Jupiter in the Moon’s Orbit: Off the Scale

The conjunction of the apparent diameter of our moon and the sun is like an astonishing, uncanny message left for us by some galactic overlord—a fortuity way, way more amazing than the 1:4:9 ratio of the monoliths in Arthur C. Clarke’s Space Odyssey series.

This video shows us how different the sky would look if things had turned out differently—specifically, if we enjoyed the attentions of a Jupiter-sized planet at the distance of a lunar orbit. In the event, of course, the tidal forces would rend the Earth from crust to core. But it would make for quite the evening vista nonetheless.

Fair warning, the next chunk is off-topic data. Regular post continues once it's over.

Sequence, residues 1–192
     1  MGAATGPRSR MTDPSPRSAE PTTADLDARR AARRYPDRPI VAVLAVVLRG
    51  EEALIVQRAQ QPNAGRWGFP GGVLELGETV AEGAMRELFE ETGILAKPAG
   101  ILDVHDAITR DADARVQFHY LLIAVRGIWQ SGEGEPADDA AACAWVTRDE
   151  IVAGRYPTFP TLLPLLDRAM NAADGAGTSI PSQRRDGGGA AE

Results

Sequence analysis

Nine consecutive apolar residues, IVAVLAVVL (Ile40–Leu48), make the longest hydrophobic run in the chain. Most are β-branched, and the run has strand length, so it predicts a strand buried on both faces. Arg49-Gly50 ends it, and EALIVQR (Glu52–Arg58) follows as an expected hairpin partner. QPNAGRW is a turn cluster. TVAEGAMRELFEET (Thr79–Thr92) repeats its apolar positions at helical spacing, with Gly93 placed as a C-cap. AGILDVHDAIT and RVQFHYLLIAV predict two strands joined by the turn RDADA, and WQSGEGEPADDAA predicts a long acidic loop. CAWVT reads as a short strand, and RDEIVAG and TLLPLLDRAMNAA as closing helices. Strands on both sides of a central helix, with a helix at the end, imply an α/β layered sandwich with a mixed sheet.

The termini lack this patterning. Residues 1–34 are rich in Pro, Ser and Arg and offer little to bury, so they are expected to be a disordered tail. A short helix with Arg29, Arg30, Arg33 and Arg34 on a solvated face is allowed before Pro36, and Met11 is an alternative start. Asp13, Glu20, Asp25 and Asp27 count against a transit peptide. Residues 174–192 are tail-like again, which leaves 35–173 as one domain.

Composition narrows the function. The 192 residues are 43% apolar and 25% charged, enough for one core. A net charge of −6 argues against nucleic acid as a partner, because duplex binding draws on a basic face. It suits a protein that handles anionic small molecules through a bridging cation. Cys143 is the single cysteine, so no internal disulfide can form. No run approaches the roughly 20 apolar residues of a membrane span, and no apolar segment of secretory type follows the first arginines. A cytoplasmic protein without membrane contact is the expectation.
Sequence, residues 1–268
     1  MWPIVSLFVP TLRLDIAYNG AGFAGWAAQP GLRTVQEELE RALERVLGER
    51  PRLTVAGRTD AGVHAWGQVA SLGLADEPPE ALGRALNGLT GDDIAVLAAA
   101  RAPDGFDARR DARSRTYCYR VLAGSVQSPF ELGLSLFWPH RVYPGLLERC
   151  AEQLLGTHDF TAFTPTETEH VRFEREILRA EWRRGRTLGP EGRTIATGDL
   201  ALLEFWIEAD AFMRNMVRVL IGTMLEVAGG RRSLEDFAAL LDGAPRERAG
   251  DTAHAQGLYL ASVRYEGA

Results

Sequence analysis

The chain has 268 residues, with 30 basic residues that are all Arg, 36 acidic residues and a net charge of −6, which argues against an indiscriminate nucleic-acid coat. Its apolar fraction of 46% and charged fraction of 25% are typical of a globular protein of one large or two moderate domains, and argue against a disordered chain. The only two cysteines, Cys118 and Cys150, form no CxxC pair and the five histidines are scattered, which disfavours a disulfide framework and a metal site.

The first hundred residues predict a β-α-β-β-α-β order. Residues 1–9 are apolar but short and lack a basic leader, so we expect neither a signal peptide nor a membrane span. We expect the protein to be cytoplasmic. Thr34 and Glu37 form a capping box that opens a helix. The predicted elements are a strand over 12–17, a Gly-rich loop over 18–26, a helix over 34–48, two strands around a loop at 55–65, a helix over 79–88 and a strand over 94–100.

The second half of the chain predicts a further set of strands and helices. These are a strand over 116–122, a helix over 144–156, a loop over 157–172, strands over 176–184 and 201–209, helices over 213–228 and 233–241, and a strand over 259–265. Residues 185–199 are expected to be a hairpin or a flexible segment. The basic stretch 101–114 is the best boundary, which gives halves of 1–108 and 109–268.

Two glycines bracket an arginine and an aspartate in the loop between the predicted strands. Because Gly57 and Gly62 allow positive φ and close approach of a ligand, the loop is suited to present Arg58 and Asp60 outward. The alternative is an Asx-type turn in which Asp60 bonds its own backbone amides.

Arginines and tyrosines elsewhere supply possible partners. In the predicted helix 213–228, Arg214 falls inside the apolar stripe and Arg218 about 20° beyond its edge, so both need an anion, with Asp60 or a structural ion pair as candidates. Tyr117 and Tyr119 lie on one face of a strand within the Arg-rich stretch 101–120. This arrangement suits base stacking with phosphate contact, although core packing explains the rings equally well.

The video also is remiscent of Charles and Ray Eames famous short film Powers of Ten, the influential designers’ exploration of “the relative sizes of different things in the universe.” The design site Core77 is hosting a contest for two-minute responses to Powers of Ten. Two days to go—check out the entrants here.

—via io9

One comment

  1. You have Earth and the other planets rotating in the wrong direction.
    I would like to use this in my classroom – any way to fix that?

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